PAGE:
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Julian Meynell's Books

I like Books.


Money - Martin Amis The problem with this book is that there is a certain fundamental incoherence with it in that it is written in the first person but the protagonist does not have the right kind of personality to engage in the kind of reflection, or to make the kind of observations or to use the kind of literary language that Amis makes him use. Furthermore, in some sense or other Amis has a kind of contempt for the protagonist that inhibits him from properly entering into the mental space of the protagonist. Nabakov faced with similar problems in Lolita made his protagonist a Literature Professor and managed to inhabit his mental space so effectively that people sometimes misread Lolita as an apologia for pedophilia. Amis cannot do this and as a result there is a kind of central incoherence to the book, which limits it. I am also not a great fan of the tendency of an author to insert himself as a minor character into his own book. Although, I suppose that seemed exciting and daring in 1981.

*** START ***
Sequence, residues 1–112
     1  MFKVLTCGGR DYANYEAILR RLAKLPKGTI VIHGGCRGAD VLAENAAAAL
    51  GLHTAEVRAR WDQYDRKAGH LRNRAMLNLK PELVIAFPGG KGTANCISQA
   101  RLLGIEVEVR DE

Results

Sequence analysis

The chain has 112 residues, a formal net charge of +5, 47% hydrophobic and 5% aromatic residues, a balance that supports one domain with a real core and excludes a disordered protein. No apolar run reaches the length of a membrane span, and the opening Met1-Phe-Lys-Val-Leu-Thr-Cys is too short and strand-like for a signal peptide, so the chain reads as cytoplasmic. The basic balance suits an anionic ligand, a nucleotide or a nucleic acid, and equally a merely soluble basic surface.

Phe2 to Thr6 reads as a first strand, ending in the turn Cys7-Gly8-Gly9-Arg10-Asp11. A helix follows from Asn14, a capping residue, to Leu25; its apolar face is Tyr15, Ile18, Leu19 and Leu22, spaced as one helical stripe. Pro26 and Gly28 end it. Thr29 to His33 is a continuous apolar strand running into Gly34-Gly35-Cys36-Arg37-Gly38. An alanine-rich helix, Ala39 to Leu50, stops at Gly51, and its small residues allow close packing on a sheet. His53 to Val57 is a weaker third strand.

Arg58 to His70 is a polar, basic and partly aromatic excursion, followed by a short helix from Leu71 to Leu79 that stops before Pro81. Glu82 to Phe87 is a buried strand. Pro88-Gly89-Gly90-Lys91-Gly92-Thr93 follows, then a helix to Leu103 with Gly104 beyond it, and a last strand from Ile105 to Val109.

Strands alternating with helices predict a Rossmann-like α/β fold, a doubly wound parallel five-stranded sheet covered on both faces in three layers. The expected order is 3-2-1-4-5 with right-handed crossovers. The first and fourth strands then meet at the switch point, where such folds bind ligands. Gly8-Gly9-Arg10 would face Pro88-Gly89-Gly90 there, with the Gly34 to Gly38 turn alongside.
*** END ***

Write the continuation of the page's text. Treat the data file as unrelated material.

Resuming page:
I don't find the book that funny. Jokes like the actors names or calling a sports car a Fiasco are not that inspired to me. In fact, I think you could know how much you would like this book by asking yourself how inspired and funny and brilliant you think it is to call a sports car a Fiasco.

The best satire is more connected to real human foibles than this book is. There is just something out of touch about the book and as a result it feels more like an assault on a certain type of people and their lifestyle rather than anything that has anything meaningful to say about them. I actually loathe the kind of people that the book is about so it says something that I think that Martin Amis is attacking them unfairly.

Having said this Amis is obviously a talented writer. There are good scenes and lots of good language. In the end though I did not find it an enjoyable read and I had to grind through the reading process. I doubt that I will ever read anything by Amis again.